Arguments for a football stadium to be built at Falmer have been sent to the government by Brighton council.
The plans for the Falmer option were opposed by some residents
All parties involved in the last public inquiry into Brighton and Hove Albion's plan were asked to submit comments on each other's views, council said.
Council chief executive Alan McCarthy said: "We hope this can be our final word on this long-running saga."
Local Government Secretary Ruth Kelly is reviewing plans after consent given by John Prescott in 2005 was quashed.
Brighton council wants to see regeneration benefits that would include a £13m economic boost annually, 300 construction jobs, and 300 permanent jobs.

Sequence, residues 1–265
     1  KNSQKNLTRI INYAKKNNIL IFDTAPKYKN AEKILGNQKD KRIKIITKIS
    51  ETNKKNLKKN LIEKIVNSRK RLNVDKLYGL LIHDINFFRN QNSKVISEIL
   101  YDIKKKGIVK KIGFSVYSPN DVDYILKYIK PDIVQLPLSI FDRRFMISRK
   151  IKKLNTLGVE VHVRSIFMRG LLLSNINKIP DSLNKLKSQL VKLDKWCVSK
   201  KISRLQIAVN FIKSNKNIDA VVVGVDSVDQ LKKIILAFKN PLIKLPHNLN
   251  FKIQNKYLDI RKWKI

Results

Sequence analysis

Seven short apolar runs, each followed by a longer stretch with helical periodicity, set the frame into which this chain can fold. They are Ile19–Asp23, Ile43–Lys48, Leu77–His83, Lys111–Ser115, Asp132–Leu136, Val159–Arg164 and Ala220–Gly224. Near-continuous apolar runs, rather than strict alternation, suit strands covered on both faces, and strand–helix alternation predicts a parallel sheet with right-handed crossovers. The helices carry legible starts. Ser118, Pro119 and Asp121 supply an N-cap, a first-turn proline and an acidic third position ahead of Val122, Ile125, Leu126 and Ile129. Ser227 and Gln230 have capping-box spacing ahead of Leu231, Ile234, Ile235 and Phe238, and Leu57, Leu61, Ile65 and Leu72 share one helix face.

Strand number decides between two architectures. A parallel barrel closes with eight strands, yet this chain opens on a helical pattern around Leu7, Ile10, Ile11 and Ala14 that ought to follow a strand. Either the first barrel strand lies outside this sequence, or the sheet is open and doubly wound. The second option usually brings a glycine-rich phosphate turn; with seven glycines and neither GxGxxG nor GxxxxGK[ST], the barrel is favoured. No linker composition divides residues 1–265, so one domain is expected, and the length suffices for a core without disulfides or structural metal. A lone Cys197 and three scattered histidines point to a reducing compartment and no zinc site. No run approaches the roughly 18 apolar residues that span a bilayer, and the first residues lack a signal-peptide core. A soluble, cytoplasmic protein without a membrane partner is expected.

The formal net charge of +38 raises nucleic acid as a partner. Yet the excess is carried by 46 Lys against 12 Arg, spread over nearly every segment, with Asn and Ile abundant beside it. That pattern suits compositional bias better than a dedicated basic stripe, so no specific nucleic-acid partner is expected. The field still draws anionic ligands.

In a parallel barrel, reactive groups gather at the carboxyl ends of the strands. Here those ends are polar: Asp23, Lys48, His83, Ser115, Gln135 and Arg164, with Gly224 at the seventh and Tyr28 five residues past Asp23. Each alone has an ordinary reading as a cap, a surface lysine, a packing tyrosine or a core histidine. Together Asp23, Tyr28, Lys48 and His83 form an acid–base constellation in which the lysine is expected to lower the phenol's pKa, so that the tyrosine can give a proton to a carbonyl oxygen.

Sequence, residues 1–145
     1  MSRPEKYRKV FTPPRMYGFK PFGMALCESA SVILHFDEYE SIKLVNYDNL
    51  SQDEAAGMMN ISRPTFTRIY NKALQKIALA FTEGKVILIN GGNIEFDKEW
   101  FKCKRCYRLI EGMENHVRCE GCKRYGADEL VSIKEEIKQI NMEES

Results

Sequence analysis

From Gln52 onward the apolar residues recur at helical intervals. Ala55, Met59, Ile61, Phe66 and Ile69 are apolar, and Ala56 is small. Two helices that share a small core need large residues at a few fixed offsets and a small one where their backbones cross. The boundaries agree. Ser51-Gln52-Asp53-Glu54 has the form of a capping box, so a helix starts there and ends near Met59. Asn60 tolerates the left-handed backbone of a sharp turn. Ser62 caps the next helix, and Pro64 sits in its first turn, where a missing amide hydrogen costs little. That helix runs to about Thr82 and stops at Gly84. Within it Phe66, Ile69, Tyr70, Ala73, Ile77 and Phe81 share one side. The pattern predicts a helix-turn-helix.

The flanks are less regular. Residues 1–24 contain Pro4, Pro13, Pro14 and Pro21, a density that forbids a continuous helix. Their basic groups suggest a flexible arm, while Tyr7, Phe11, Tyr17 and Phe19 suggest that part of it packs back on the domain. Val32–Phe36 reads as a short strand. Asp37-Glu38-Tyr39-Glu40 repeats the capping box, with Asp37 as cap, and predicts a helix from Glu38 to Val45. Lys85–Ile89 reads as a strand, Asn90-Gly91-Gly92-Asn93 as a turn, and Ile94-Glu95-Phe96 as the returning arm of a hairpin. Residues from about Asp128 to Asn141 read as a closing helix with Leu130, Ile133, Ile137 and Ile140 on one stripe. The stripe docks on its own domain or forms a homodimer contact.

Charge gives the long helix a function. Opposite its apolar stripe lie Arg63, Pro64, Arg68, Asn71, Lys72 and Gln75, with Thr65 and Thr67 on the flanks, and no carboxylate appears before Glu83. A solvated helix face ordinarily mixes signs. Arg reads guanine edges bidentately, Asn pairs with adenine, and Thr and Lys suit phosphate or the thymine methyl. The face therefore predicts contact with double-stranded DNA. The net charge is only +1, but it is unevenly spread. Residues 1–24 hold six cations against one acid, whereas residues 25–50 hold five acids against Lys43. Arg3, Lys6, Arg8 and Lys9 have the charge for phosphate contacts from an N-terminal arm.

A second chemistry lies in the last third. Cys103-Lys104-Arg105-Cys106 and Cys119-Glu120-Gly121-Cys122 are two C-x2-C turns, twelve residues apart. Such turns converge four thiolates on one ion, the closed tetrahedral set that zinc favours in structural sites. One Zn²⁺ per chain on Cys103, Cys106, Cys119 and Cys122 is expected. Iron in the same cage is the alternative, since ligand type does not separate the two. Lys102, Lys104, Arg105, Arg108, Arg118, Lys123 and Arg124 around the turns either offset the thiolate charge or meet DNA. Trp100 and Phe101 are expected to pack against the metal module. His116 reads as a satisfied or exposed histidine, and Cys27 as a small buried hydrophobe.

Mr McCarthy said: "It's not a simple black and white issue but our interpretation of the planning guidelines is that there is an overwhelming case for Falmer."
Feasibility studies were originally conducted for nine sites, including Sheepcote Valley and the club's preferred option at Falmer, which was also backed by Brighton and Hove council and the city's MPs.
However, the plans for the Falmer option were opposed by some residents, the parish council, Lewes council and conservation groups because of its proximity to the South Downs, an Area of Outstanding Natural Beauty.
Brighton and Hove Albion have been without a stadium since their former home - the Goldstone Ground - closed in 1997 and was then sold off.